A lot of my childhood stuff was discarded over the years, but neither I nor mom ever discarded Sad Baby. Plush in all parts except the face, she had a zippered-pouch in back cradling a music box. The soft body, with lilting musical tones, was a comforting snuggle.
The plushie eventually made her way from the east coast to California, her cloth frayed and worn, the music box long dead and disposed of. I washed her face, aired her out and alternately displayed her on my bed or stuck her in the garage.
Years passed. Sad Baby had been in the garage a while when a desire to declutter arose. My decluttering urges loop around regularly. Each time, something that survived the last cycle, does not make the current cut.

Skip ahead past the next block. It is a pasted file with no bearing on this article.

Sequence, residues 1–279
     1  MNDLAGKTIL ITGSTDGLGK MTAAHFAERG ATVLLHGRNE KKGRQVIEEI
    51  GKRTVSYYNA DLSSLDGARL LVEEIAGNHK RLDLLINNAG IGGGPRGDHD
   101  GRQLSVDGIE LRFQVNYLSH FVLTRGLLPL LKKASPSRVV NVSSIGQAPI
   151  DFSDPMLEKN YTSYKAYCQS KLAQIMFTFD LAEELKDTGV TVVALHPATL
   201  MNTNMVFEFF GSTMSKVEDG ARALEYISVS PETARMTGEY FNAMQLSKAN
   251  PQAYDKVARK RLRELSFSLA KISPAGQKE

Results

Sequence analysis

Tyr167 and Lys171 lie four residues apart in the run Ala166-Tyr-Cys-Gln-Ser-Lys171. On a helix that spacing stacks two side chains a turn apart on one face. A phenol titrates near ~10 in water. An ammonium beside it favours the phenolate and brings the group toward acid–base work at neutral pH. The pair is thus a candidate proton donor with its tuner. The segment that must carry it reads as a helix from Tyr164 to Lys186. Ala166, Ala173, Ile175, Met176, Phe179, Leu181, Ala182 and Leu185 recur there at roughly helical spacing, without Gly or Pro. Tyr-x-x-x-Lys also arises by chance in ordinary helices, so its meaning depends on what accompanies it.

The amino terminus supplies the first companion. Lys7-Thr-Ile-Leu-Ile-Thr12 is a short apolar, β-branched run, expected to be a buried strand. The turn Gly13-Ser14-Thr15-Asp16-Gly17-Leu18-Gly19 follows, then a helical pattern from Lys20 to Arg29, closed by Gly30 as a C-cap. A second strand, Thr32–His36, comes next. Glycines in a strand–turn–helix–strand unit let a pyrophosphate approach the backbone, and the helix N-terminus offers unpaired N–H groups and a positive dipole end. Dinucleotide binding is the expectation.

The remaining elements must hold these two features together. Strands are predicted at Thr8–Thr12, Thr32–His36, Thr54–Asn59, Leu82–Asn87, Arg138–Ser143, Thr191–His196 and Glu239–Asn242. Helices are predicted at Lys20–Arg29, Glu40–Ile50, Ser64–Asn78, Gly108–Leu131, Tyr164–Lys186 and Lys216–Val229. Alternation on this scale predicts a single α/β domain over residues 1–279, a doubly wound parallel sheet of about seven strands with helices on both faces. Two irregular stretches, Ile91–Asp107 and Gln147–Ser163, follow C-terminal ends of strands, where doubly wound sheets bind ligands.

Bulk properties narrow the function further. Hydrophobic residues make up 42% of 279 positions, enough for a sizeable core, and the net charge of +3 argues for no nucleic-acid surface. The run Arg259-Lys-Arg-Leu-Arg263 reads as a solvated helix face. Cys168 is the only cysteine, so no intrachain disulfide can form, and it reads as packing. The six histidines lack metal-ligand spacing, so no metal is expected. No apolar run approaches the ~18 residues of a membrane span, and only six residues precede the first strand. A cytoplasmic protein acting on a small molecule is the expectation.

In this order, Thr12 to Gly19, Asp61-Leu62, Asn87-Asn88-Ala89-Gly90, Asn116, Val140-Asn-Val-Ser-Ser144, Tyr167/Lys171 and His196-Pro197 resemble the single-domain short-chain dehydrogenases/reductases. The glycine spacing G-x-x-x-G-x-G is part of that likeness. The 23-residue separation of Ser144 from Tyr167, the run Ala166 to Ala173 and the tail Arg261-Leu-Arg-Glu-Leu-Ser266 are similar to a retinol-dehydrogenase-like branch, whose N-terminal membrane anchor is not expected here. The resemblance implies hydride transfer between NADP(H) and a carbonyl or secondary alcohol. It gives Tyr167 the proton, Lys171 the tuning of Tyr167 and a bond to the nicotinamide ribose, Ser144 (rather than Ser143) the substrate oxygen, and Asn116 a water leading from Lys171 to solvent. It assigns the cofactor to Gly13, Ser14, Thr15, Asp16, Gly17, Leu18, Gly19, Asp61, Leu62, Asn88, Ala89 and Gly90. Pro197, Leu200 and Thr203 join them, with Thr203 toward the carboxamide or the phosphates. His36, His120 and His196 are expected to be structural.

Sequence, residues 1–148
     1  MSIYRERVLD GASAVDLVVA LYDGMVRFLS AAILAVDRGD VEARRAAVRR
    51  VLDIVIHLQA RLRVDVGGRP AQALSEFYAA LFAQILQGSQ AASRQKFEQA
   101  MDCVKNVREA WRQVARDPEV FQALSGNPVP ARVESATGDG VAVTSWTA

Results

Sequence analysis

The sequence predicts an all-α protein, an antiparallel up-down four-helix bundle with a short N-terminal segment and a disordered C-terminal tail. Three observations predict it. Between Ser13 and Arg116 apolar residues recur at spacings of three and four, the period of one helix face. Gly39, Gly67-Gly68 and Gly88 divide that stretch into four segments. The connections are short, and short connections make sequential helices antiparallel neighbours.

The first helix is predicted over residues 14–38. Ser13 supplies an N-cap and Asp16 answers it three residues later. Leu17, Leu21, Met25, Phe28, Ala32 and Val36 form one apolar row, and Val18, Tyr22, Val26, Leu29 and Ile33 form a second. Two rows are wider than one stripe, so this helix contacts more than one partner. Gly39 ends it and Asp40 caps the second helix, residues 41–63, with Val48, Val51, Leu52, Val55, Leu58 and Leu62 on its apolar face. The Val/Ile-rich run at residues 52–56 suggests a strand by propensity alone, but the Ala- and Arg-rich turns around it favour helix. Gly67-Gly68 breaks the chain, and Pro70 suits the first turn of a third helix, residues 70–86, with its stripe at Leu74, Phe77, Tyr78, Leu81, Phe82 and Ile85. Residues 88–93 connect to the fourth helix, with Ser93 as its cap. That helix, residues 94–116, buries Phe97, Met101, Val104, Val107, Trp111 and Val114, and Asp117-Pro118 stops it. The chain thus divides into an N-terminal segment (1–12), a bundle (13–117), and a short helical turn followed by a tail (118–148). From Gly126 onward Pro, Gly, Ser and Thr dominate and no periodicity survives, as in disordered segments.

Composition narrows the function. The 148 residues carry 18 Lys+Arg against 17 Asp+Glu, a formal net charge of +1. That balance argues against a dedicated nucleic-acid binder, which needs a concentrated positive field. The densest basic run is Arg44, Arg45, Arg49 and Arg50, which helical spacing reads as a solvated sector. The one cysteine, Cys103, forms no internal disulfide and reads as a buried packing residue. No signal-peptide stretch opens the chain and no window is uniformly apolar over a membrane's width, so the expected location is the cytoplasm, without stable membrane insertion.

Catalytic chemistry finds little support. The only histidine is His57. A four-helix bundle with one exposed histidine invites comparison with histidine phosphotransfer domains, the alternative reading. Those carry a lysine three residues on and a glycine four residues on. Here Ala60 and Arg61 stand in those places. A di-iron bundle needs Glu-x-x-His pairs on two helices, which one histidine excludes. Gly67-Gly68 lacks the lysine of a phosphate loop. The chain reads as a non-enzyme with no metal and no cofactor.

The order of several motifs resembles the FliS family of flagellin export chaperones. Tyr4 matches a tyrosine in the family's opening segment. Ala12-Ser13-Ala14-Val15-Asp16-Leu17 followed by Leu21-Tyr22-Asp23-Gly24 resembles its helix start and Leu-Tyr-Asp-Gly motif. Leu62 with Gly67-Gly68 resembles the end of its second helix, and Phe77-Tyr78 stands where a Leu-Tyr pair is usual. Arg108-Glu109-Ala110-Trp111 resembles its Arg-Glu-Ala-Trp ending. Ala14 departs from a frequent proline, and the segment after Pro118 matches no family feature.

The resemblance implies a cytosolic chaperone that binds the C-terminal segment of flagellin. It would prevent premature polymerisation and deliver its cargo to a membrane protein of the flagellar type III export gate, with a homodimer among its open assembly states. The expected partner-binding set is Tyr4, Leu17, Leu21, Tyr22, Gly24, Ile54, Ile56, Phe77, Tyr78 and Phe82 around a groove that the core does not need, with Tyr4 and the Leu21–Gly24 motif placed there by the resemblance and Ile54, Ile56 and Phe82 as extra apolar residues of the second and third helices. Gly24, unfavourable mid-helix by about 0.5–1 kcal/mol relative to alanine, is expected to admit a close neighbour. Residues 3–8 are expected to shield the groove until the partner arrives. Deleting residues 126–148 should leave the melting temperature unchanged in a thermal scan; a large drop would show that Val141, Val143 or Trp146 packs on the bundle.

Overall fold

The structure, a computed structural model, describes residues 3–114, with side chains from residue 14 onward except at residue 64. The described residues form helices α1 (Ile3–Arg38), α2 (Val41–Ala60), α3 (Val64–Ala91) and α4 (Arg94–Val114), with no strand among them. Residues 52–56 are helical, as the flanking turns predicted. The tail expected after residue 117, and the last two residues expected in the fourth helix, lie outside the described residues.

One de-clutter tip I’d read was to take a picture of an object cared about but no longer wanted. It would keep the memory without having to store the thing.
I looked at Sad Baby. “It’s time,” I thought. “Time to let go of you.” Sad Baby had been mine for 55-years.
I took a picture, tucked her into my trick trash, and she was gone.
Sad Baby comfortably lived in my memory. I didn’t miss her. I was content with my decision.
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